Chaperone Activity of ERD10 and ERD14, Two Disordered Stress-Related Plant Proteins

Chaperone Activity of ERD10 and ERD14, Two Disordered Stress-Related Plant Proteins ERD10 and ERD14 (for early response to dehydration) proteins are members of the dehydrin family that accumulate in response to abiotic environmental stresses, such as high salinity, drought, and low temperature, in Arabidopsis ( Arabidopsis thaliana ). Whereas these proteins protect cells against the consequences of dehydration, the exact mode(s) of their action remains poorly understood. Here, detailed evidence is provided that ERD10 and ERD14 belong to the family of intrinsically disordered proteins, and it is shown in various assays that they act as chaperones in vitro. ERD10 and ERD14 are able to prevent the heat-induced aggregation and/or inactivation of various substrates, such as lysozyme, alcohol dehydrogenase, firefly luciferase, and citrate synthase. It is also demonstrated that ERD10 and ERD14 bind to acidic phospholipid vesicles without significantly affecting membrane fluidity. Membrane binding is strongly influenced by ionic strength. Our results show that these intrinsically disordered proteins have chaperone activity of rather wide substrate specificity and that they interact with phospholipid vesicles through electrostatic forces. We suggest that these findings provide the rationale for the mechanism of how these proteins avert the adverse effects of dehydration stresses. http://www.deepdyve.com/assets/images/DeepDyve-Logo-lg.png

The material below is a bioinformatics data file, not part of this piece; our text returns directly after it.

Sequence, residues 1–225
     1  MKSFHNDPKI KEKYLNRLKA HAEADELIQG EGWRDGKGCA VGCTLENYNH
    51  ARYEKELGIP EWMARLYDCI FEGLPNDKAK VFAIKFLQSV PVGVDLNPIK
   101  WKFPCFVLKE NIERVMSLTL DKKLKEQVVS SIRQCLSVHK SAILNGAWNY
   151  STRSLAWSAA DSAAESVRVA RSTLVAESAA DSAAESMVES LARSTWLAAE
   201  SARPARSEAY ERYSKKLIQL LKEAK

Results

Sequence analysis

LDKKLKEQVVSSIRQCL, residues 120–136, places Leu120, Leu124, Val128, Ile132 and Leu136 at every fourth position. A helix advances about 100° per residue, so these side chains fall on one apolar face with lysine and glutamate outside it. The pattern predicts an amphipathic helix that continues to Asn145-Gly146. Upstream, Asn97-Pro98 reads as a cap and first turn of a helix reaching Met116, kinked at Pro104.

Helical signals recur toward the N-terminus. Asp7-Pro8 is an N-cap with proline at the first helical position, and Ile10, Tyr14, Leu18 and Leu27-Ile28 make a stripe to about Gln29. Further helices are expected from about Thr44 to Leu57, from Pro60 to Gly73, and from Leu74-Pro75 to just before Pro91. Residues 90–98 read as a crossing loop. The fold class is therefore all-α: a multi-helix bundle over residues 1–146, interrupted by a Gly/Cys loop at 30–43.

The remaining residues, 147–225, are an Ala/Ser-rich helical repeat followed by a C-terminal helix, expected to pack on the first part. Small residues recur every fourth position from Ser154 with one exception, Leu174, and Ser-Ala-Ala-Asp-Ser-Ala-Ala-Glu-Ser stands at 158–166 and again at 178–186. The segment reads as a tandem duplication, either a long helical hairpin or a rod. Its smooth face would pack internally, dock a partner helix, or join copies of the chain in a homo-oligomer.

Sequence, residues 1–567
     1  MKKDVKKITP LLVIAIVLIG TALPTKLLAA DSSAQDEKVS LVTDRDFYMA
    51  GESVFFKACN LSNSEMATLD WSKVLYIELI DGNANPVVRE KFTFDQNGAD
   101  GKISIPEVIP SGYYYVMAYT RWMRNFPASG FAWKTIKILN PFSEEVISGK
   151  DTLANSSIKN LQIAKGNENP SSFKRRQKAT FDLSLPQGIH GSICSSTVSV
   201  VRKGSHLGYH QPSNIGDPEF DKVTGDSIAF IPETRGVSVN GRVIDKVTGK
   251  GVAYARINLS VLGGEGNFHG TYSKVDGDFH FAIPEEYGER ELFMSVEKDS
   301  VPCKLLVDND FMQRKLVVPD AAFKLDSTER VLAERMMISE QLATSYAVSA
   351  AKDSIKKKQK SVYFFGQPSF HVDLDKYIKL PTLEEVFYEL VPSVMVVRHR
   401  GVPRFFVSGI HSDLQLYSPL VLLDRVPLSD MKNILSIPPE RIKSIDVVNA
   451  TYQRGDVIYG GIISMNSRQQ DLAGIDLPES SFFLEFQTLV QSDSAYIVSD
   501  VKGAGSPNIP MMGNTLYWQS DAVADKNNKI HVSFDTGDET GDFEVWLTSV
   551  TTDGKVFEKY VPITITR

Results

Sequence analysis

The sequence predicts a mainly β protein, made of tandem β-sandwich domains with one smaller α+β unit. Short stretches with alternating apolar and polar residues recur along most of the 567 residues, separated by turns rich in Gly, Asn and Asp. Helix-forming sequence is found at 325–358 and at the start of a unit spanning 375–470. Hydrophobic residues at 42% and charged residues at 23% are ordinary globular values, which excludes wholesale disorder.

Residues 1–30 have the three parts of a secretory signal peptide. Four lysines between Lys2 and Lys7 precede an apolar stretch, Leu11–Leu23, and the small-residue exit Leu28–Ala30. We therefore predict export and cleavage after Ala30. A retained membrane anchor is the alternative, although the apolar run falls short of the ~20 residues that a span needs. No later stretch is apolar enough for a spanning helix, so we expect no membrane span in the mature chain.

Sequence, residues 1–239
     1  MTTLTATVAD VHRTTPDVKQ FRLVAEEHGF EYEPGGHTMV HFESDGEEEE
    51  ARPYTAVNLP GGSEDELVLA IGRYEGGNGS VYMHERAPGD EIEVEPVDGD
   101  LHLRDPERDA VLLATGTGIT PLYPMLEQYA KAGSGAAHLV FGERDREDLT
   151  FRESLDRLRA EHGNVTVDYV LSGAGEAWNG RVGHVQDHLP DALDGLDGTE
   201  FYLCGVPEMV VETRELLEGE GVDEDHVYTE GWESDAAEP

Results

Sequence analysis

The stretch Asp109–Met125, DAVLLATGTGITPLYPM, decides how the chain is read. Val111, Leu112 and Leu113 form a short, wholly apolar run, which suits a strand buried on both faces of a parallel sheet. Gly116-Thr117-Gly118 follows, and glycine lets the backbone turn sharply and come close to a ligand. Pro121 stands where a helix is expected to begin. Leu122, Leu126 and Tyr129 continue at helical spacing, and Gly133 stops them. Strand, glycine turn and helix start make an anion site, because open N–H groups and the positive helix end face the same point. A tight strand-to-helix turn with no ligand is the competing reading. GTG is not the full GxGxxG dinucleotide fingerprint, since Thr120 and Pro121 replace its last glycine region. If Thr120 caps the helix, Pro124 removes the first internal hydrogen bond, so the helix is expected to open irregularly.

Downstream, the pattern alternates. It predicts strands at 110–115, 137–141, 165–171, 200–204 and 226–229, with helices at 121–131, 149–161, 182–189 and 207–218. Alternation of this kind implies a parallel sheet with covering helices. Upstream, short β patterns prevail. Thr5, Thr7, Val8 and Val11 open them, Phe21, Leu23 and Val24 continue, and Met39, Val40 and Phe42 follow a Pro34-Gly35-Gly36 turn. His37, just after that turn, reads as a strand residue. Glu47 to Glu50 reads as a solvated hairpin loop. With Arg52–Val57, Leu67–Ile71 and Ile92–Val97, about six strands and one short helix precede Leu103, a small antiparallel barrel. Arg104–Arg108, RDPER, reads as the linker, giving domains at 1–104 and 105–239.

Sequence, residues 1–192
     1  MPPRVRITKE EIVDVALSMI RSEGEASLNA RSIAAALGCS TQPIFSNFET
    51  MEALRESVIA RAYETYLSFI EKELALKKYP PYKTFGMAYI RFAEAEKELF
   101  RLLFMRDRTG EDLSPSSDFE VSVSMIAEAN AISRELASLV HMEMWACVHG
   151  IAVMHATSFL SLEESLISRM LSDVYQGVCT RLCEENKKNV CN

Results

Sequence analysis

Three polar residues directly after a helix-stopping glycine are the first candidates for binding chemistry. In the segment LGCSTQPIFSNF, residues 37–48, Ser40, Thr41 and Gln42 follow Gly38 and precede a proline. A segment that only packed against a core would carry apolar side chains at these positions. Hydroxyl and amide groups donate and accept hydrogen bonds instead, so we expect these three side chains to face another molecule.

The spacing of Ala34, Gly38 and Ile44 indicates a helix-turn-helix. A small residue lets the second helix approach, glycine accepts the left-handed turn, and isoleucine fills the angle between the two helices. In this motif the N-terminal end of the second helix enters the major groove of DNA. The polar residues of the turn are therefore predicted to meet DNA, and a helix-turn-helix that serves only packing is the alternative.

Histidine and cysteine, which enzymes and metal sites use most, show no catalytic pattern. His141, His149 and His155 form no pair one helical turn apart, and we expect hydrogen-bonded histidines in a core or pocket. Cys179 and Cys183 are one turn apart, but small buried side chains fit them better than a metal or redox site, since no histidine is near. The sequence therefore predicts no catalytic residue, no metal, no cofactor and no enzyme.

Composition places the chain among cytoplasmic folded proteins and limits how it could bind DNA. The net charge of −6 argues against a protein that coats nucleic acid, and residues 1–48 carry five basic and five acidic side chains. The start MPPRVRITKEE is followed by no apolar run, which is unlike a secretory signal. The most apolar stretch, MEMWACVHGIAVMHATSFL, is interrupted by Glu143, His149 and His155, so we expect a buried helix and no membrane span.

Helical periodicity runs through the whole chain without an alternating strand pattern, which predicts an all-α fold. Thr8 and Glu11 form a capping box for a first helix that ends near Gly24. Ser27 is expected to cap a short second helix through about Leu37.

Chaperone Activity of ERD10 and ERD14, Two Disordered Stress-Related Plant Proteins

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Publisher
American Society of Plant Biologist
Copyright
Copyright © 2015 by the American Society of Plant Biologists
ISSN
1532-2548
eISSN
0032-0889
D.O.I.
10.1104/pp.108.118208
Publisher site
See Article on Publisher Site

Abstract

ERD10 and ERD14 (for early response to dehydration) proteins are members of the dehydrin family that accumulate in response to abiotic environmental stresses, such as high salinity, drought, and low temperature, in Arabidopsis ( Arabidopsis thaliana ). Whereas these proteins protect cells against the consequences of dehydration, the exact mode(s) of their action remains poorly understood. Here, detailed evidence is provided that ERD10 and ERD14 belong to the family of intrinsically disordered proteins, and it is shown in various assays that they act as chaperones in vitro. ERD10 and ERD14 are able to prevent the heat-induced aggregation and/or inactivation of various substrates, such as lysozyme, alcohol dehydrogenase, firefly luciferase, and citrate synthase. It is also demonstrated that ERD10 and ERD14 bind to acidic phospholipid vesicles without significantly affecting membrane fluidity. Membrane binding is strongly influenced by ionic strength. Our results show that these intrinsically disordered proteins have chaperone activity of rather wide substrate specificity and that they interact with phospholipid vesicles through electrostatic forces. We suggest that these findings provide the rationale for the mechanism of how these proteins avert the adverse effects of dehydration stresses.

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